Klingner sounded pessimistic when asked if Kim Jong Un is surrounded by rational people who can influence him to back off.

"They are the same leaders, the same advisors who were in place when Kim Jong Il lashed out against South Korea, sinking a South Korean naval ship in South Korean waters, shelling a civilian island," he said. "So it's the same advisors around the new leader.”

Earlier this week, North Korea announced it had cut its last military hotline with South Korea. The North said such communication links are no longer necessary since "war may break out at any moment."

Klingner said it is unknown if Pyongyang is trying to communicate with Seoul possibly by using a back channel such as China, North Korea's top ally.
 
"There is a possibility the U.S. or South Korea can contact the North through what’s called the New York channel, the permanent mission that North Korea has to the U.N. in New York," Klingner said. "There’s also ways of passing messages via China. We don’t know if North Korea is accepting messages or initiating any messages.”

On Wednesday, a State Department spokesman said the U.S. remains "prepared to engage constructively" with Pyongyang provided it lives up to its international obligations and refrains from provocative behavior.

You May Like

Hezbollah Chief Says Does Not Want War But Ready for One

VOA's Jerusalem correspondent reports that with an Israeli election looming and Hezbollah's involvement in Syria, neither side appears interested in a wider conflict More

Multimedia VOA SPECIAL REPORT: Despite Danger, Best US Minds Battle Deadly Virus

Scientists at America's premier biological research center race in military confinement to find effective drugs, speedier tests and a safe vaccine amid the deadliest outbreak of Ebola in history More

Kurdish Poet Battles to Defend Language, Culture

Kawa Nemir's work is an example of what he sees as an irreversible cultural and political assertiveness among Kurds in Turkey More

Featured Videos

Your JavaScript is turned off or you have an old version of Adobe's Flash Player. Get the latest Flash player.
Egypt's Suez Canal Dreams Tempered by Continued Unresti
X
Heather Murdock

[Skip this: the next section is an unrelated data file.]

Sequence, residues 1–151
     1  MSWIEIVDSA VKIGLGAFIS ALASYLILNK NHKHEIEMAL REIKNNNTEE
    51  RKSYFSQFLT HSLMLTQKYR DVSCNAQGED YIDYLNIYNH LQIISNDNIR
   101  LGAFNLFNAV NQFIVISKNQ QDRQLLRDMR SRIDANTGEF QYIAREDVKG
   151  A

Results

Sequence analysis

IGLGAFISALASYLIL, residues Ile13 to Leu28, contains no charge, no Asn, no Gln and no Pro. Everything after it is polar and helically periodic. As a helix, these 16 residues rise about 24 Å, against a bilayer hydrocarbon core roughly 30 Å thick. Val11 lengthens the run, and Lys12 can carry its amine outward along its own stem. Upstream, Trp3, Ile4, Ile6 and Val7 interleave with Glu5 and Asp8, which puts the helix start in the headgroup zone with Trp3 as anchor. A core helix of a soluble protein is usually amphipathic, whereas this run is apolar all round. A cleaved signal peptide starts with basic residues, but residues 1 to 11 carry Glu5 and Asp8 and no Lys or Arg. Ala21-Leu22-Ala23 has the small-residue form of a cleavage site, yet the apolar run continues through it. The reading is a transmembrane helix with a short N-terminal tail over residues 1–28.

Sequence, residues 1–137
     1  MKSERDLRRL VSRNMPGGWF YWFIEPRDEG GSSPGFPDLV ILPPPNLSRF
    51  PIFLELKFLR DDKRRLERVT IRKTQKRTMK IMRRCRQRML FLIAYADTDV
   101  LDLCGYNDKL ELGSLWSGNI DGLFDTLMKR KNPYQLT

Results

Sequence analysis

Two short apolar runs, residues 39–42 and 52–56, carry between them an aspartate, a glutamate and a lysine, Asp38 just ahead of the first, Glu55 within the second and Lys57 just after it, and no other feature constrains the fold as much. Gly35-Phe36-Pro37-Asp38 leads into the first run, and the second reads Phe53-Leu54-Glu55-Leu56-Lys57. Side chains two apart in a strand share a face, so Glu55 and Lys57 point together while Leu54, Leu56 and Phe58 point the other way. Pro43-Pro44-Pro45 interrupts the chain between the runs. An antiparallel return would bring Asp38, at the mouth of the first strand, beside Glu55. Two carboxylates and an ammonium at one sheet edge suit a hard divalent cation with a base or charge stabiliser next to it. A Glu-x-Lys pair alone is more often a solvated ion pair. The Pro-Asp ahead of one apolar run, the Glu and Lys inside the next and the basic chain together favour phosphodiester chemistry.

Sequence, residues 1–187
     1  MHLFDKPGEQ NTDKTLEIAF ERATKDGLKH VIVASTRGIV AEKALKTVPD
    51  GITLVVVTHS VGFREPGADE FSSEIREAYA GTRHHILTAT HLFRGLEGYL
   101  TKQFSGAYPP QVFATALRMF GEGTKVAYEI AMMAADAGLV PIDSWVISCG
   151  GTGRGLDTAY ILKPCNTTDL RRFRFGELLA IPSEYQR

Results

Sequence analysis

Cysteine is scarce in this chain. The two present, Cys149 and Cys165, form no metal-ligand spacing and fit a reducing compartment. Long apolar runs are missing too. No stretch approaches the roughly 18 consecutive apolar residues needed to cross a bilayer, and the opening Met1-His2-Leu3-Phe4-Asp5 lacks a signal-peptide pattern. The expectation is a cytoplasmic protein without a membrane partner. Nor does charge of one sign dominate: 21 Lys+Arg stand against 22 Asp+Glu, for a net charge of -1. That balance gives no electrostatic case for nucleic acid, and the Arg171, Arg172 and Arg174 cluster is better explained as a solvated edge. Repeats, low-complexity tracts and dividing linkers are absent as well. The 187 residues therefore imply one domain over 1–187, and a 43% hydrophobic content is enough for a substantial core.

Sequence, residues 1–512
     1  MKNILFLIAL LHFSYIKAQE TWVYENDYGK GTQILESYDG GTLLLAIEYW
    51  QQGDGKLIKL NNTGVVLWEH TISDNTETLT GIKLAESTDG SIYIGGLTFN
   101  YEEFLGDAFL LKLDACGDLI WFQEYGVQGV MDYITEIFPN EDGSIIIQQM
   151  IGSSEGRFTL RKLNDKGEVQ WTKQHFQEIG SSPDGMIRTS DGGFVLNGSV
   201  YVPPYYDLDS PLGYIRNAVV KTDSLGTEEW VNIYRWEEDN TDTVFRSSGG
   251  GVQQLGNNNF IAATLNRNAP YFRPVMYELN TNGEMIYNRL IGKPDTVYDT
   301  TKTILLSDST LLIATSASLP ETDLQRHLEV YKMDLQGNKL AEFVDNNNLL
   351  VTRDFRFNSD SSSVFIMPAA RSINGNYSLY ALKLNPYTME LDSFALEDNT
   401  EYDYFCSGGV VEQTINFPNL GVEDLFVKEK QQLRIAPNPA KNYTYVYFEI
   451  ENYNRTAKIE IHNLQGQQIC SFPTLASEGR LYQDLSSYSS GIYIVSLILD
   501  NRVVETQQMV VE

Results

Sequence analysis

January 30, 2015 8:00 PM
Egypt plans to expand the Suez Canal, raising hopes that the end of its economic crisis may be in sight. But some analysts say they expect the project may cost too much and take too long to make life better for everyday Egyptians. VOA's Heather Murdock reports.
Video

Video Egypt's Suez Canal Dreams Tempered by Continued Unrest

Egypt plans to expand the Suez Canal, raising hopes that the end of its economic crisis may be in sight. But some analysts say they expect the project may cost too much and take too long to make life better for everyday Egyptians. VOA's Heather Murdock reports.
Video

Video Threat of Creeping Lava Has Hawaiians on Edge

Residents of the small town of Pahoa on the Big Island of Hawaii face an advancing threat from the Kilauea volcano. Local residents are keeping a watchful eye on creeping lava. Mike O’Sullivan reports.
Video

Video Pro-Kremlin Youth Group Creatively Promotes 'Patriotic' Propaganda

As Russia's President Vladimir Putin faces international pressure over Ukraine and a failing economy, unofficial domestic groups are rallying to his support. One such youth organization, CET, or Network, uses creative multimedia to appeal to Russia's urban youth with patriotic propaganda. VOA's Daniel Schearf reports.
Video

Video Mobile Infrared Scanners May Help Homeowners Save Energy

Mobile photo scanners have been successfully employed for navigational purposes, such as Google Maps. Now, a group of scientists from the Massachusetts Institute of Technology says the same technology could help homeowners better insulate their houses and save some money. VOA’s George Putic has more.